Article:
An Interview With Jonathan Rugman

1 January 2012

Q: You’ve travelled all over the world, which destination has had the biggest impact on you and why?

I lived in Turkey for four years and love it there. I wrote a book about the country. I also spent three happy years in Washington DC. I witnessed the 2011 uprisings in Tunisia, Egypt, Libya, Bahrain and Syria so that had a big impact. As did the earthquake in Haiti and famine in Somalia. I've loved covering American and French politics, reporting on 3 US and 2 French presidential elections.

Q: How did you get into corporate speaking?

A natural progression from 25 years as a reporter and broadcaster has been chairing/hosting events - a bit like live television - or being asked to speak about countries, subjects and situations I have encountered for myself. Charities and think tanks were the first to ask me.

Q: Which event has been your favourite and why?

I've enjoyed chairing events at a literary festival: interviewing well known authors in front of big audiences, teasing out interesting stories and opinions in an atmosphere of spontaneity which is backed by rigorous research and preparation beforehand.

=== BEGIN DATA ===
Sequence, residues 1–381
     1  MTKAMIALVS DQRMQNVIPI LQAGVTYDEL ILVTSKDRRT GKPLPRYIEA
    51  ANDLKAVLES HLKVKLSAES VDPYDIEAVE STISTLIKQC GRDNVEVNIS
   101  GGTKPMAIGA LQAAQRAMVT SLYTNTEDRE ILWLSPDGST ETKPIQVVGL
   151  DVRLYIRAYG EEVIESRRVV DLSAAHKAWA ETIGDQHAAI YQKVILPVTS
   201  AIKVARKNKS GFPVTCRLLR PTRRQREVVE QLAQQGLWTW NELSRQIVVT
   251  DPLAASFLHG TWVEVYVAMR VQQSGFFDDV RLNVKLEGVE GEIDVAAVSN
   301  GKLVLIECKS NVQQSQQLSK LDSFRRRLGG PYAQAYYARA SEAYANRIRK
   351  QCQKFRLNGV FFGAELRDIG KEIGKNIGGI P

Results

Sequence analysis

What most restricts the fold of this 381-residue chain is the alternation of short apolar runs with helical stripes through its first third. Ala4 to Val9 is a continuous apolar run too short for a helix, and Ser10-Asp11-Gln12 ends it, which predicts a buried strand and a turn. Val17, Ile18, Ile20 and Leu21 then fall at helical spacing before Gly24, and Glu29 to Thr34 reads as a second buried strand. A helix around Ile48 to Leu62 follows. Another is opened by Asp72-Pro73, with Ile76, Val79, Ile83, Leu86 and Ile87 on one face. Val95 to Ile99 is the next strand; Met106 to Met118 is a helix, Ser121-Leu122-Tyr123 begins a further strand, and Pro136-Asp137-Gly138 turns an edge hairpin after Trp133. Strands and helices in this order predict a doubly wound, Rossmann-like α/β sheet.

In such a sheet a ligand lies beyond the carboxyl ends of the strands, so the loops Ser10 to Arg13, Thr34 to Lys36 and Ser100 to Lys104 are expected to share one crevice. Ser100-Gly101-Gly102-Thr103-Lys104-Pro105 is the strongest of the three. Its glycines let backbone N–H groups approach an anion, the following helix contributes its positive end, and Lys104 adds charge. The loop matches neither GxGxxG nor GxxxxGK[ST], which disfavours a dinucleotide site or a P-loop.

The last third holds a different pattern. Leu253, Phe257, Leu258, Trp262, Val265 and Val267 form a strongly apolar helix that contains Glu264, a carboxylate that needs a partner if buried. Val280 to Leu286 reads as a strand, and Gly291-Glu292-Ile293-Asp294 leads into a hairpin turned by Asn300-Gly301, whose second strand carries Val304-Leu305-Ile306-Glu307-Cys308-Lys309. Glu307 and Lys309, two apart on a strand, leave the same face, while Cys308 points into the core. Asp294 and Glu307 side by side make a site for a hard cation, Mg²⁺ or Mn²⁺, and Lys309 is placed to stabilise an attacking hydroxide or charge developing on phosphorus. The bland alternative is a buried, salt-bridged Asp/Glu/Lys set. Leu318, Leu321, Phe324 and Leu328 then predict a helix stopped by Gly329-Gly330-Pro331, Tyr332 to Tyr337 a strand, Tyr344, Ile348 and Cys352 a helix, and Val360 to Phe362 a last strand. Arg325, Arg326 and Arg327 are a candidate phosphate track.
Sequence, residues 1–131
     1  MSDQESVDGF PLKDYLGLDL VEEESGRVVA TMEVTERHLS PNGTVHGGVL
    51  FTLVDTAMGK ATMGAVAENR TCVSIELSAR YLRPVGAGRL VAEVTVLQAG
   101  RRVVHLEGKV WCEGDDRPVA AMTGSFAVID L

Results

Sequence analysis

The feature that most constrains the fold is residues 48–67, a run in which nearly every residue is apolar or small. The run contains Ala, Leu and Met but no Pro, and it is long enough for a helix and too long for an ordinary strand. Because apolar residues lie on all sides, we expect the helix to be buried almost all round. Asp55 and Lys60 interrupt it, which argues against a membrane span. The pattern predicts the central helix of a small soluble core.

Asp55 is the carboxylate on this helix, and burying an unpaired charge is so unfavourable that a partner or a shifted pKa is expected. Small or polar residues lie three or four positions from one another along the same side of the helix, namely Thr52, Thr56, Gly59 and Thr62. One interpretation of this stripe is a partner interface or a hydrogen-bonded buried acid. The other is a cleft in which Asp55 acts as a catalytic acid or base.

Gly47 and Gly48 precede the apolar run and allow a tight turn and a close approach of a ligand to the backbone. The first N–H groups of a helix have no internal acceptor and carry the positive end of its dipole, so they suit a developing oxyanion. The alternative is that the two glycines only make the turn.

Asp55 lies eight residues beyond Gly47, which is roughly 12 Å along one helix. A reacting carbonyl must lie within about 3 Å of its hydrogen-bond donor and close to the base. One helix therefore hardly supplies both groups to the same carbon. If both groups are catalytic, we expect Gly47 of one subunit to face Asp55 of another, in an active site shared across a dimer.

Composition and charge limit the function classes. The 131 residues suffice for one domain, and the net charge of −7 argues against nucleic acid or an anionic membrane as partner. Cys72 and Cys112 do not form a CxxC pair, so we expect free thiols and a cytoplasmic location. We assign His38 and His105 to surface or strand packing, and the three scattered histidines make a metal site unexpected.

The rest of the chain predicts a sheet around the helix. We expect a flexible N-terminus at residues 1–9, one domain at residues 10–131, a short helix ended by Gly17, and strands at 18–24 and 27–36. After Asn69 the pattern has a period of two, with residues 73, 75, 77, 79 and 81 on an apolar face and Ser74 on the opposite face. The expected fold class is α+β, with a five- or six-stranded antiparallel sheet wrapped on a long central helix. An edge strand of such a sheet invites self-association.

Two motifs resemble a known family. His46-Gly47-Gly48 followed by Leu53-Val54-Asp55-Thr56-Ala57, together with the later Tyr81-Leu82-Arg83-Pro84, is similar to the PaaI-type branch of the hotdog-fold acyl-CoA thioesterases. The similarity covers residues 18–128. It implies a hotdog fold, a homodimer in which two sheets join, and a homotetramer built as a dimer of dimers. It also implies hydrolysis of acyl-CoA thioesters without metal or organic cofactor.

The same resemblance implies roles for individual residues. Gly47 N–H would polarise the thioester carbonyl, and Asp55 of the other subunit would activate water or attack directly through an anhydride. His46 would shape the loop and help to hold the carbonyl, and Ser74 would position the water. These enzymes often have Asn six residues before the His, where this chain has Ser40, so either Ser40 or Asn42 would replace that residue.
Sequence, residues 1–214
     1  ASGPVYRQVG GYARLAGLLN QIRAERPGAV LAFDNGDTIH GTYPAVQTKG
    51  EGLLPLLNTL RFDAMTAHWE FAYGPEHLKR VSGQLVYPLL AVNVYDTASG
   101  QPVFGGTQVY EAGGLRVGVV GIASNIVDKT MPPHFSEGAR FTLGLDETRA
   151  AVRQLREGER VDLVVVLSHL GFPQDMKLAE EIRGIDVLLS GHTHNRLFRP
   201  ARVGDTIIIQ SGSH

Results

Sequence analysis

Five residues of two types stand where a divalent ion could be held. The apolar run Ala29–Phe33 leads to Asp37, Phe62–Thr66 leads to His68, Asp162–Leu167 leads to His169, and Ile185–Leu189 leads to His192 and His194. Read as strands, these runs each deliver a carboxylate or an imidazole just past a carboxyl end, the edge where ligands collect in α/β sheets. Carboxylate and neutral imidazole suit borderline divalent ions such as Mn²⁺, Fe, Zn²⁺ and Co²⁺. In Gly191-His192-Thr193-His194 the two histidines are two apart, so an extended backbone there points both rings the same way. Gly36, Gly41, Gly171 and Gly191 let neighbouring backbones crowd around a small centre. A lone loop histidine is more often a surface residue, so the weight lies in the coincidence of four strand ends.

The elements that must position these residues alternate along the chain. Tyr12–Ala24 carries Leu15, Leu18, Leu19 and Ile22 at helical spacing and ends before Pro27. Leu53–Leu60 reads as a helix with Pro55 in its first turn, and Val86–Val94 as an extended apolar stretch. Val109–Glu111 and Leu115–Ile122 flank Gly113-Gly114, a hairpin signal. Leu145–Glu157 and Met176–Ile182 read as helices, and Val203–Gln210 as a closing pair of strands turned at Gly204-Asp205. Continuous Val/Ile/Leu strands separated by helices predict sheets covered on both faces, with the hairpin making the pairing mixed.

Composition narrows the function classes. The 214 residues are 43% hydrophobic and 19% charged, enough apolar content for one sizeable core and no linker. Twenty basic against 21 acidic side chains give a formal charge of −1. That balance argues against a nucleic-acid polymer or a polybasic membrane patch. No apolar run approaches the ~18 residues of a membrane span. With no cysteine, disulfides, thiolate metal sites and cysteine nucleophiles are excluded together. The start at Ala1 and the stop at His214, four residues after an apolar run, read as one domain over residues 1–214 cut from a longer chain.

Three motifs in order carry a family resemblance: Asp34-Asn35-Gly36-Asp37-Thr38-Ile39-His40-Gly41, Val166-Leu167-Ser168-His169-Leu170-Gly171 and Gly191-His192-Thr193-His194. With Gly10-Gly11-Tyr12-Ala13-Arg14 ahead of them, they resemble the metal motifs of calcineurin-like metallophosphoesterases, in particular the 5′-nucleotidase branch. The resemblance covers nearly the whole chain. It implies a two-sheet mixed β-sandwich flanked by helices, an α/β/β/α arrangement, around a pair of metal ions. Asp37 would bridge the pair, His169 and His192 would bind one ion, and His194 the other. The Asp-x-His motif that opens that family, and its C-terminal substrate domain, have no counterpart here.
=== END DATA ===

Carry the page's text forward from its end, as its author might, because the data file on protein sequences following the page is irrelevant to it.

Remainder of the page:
Q: What’s the biggest challenge you’ve overcome?

Keeping cool while dealing with a heated audience, with strong opinions either side of an issue. Stopping people from shouting, ensuring the debate is balanced.

Q: Why do you enjoy being a speaker?

I enjoy telling stories about places I know and situations I've witnessed. And acting as the audience's voice, in terms of asking the questions which everyone wants to know the answer to. My experience and use of personal anecdotes can make a formal event more relaxed and fun.

Q: If you could speak at any event, past or future, what would it be?

I am open to pretty much anything.

Q: What can a typical corporate audience learn from your experiences?

I can give a personal perspective on a place or subject in the news and on the outlook for countries deemed at business risk. I can also explain how the national media and in particular television news works; how to interview and be interviewed by a national broadcaster, how a tv news piece comes together.

Q: What’s your favourite way to spend a Sunday?

Walking the dog, enjoying the fresh air, cooking a roast, a good film or drama series in the evening on tv.

Q: What personal ambition must you fulfill before you die?

To write a really good book about the Middle East!

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